So, in this case, we will get a “ADJCALLSTACKDOWN32 32, 32” instead of the “ADJCALLSTACKDOWN32 0”. The verifier will be happy, and PEI will know it doesn’t need to do any stack pointer adjustment.

Does this sound like the right approach?

Any suggestions, as well as warnings of potential pitfalls, are welcome. :slight_smile:



According to the Intel performance guidelines, pushes are significantly slower than moves to the extent they should be avoided as much as possible. It's been a decade since I was dealing with this; so, I don't remember the numbers, but I'm pretty sure the changes you are proposing will slow the code down.

People who care about speed more than code size are probably not going to like this very much...

Hi Michael,

You're probably in a better position than anyone to check this:

My recollection is that the microcode on some Intel processors used hidden registers that are integrated into the register renaming pipeline for the top few stack slots, but that all of these are pushed into the store buffer and become real writes if the stack pointer is moved or the stack-top cache line is subject to any coherency messages. This means that esp-relative movs are significantly cheaper than pushs and pops. Is this still true with any modern x86 processors? (Or was it never true and I misremember)


Which performance guidelines are you referring to?

I’m not that familiar with decade-old CPUs, but to the best of my knowledge, this is not true on current hardware.

There is one specific circumstance where PUSHes should be avoided – for Atom/Silvermont processors, the memory form of PUSH is inefficient, so the register-freeing optimization below may not be profitable (see and in the Intel optimization reference manual).

Having said that, one distinct possibility is to have the heuristic make different decisions depending on the optimization flags, that is be much more aggressive for optsize functions.

Hi David,

I'm not that familiar with the micro-architecture (and even if I were, I doubt I could comment on this sort of detail :slight_smile: ), but I don't believe there is a penalty on modern x86.

In any case, if it turns out this will introduce performance regressions, either for this or for another reason, then we can enable it for optsize only.
I don't expect that to happen, but it's a possible fallback. I'll do the benchmarking once I have a sane prototype.


Table C-21 in “Intel® 64 and IA-32 Architectures Optimization Reference Manual”, September 2014. It hasn’t changed. It still lists push and pop instructions as 2-3 times more expensive as mov. And that’s not taking into account any optimizations that might get undone by the stack pointer changing. I’m just speculating, but I suspect that move being faster has to do with not having to modify a register every time. With that as a basis, the fastest entry/exit sequences just use subl/addl on the stack pointer and don’t use push at all. For most C functions, you don’t even have to materialize a frame pointer (if the unwind mechanisms are set up to handle that). Not that I am recommending changing the x86_32 code generation to do that.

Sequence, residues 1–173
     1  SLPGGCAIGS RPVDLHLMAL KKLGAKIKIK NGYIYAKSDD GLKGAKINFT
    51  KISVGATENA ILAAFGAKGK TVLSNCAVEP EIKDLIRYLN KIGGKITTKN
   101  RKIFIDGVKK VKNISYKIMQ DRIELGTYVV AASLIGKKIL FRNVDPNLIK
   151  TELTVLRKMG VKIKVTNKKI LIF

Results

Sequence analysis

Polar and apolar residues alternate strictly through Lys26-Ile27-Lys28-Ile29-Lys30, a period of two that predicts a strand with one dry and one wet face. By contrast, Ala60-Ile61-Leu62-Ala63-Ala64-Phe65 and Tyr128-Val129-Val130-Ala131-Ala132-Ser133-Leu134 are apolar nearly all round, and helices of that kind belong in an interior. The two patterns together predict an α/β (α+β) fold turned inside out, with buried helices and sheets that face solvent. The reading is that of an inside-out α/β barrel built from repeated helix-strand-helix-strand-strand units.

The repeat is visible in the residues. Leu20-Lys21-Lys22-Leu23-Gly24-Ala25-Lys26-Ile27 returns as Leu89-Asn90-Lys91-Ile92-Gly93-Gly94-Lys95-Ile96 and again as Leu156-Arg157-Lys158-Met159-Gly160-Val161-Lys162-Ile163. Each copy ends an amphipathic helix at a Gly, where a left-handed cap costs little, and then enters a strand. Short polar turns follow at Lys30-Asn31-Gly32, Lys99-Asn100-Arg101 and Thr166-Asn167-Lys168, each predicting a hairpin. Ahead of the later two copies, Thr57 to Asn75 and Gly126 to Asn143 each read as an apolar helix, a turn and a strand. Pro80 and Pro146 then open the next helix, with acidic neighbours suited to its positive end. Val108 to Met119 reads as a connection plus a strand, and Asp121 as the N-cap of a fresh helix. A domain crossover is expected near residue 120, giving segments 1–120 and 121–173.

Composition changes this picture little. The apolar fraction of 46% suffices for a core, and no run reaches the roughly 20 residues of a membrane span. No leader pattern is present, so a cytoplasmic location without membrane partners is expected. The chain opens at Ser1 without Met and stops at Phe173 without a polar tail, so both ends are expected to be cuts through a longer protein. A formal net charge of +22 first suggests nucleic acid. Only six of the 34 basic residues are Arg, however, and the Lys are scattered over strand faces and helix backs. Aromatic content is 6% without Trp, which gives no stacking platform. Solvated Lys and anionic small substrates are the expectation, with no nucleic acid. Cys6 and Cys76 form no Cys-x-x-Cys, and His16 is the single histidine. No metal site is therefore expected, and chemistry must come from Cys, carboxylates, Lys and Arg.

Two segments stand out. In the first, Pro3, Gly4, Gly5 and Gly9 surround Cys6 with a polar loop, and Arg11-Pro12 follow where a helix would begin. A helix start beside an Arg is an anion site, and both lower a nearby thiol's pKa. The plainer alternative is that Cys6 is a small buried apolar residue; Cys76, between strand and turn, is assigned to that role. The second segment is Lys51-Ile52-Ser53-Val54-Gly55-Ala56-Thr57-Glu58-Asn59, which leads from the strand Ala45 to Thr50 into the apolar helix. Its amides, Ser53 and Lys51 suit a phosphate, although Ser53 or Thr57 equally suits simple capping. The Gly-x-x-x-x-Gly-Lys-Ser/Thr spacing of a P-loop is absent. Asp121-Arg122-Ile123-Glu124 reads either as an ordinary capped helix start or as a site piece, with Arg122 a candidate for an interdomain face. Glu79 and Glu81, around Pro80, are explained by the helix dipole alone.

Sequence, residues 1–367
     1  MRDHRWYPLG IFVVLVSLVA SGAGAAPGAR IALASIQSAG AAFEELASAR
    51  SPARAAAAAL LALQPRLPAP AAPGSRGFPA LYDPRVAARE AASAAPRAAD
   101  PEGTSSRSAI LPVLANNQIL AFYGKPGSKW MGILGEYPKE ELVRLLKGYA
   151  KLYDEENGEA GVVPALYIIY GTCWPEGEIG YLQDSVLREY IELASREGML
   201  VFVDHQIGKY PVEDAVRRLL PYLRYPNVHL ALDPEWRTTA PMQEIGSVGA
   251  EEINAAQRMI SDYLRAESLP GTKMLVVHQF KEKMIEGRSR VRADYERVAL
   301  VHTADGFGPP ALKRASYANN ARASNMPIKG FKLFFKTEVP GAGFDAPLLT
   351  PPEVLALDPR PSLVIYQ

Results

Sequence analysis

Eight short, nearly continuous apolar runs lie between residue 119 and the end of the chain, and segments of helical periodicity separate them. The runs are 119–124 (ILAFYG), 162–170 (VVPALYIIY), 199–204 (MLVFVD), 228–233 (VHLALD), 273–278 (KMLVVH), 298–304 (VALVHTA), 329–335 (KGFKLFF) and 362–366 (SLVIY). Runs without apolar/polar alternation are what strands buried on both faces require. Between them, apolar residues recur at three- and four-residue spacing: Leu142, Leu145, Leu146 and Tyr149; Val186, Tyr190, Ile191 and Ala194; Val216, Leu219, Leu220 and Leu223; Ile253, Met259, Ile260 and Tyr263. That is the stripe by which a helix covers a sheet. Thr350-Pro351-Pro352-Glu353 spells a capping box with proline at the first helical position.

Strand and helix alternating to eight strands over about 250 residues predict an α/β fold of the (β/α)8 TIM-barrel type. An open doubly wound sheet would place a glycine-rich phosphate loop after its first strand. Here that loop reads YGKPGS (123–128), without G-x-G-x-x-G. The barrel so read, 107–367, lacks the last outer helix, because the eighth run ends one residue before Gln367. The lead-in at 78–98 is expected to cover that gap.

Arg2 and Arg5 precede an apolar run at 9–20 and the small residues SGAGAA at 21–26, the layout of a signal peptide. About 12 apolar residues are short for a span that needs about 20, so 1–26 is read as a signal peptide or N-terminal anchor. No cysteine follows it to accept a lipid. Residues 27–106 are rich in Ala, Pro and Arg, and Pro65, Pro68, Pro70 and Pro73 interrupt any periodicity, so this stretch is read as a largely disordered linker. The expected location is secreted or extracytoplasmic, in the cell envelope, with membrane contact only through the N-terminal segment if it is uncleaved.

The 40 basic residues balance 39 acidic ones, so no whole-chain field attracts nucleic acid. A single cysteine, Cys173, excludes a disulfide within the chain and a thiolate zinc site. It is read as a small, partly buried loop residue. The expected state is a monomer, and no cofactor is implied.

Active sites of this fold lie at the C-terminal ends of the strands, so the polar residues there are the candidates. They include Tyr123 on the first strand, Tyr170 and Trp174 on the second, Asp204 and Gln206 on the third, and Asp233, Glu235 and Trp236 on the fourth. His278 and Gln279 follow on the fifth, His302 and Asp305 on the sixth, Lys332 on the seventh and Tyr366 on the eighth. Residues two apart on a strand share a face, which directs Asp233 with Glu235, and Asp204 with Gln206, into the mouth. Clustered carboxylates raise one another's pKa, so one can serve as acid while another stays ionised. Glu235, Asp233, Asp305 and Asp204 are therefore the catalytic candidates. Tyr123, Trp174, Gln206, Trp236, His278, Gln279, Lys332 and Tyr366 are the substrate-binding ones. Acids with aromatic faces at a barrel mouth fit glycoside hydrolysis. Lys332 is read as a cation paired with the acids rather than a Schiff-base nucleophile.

From: llvmdev-bounces@cs.uiuc.edu [mailto:llvmdev-bounces@cs.uiuc.edu]
On Behalf Of Herbie Robinson
Subject: Re: [LLVMdev] [RFC] [X86] Mov to push transformation in x86-32 call sequences

> Which performance guidelines are you referring to?

Table C-21 in "Intel(r) 64 and IA-32 Architectures Optimization Reference Manual", September 2014.

It hasn't changed. It still lists push and pop instructions as 2-3 times more expensive as mov.

And verified by Agner Fog's independent measurements:

The relevant Haswell numbers are on pages 186 - 187.


Very true (and confirmed downthread), but this code size optimization is still very interesting for functions using the minsize function attribute, which is specifically designed to favor code size over performance:

The linux kernel folks really care about the size of the bootloader, for example.


The official Intel guide has less resolution here than we need.
Consider that the MOV instruction described in C-21 only uses the ALU execution unit, not memory.

If we look at Agner's table for Haswell, the relevant form of the MOV instruction (m,r) has a latency of 3 cycles and a reciprocal throughput of 1, same as a register PUSH.
The same applies for other recent x86 processors.

Every FreeBSD clang upgrade involves having to remove some code from the bootloader, so we'd also be very interested in -Oz working well to reverse this change. There's some low-hanging fruit (I did manage to improve on the size by running clang -O0 and then opt with a hand-tweaked set of passes), but it would be great to have some regression tests for this.

We'd be happy to provide the FreeBSD bootloader code as the source for one of these. It's pretty small and self-contained, but if the size of the output grows over a certain limit then we can no longer boot.


But the r,m move has a reciprocal throughput of 0.5 while the pop is 1.

It sounds like this should be optional as you have already proposed.

Going by Agner's, the register form of pop, on Haswell, has a reciprocal throughput of 0.5, just like the equivalent mov.
The memory form of pop has a reciprocal throughput of 1, but that has no equivalent mov instruction, since x86 can't do a MOVmm. It's equivalent to to a MOVrm followed by a MOVmr.
In any case, that's not really relevant since I'm planning on only adding pushes, not pops.

I'm not saying this can't result in any performance issues (as David noted there may be more complex microarchitectural issues here), just that it's not expected to be a problem on an instruction-per-instruction basis.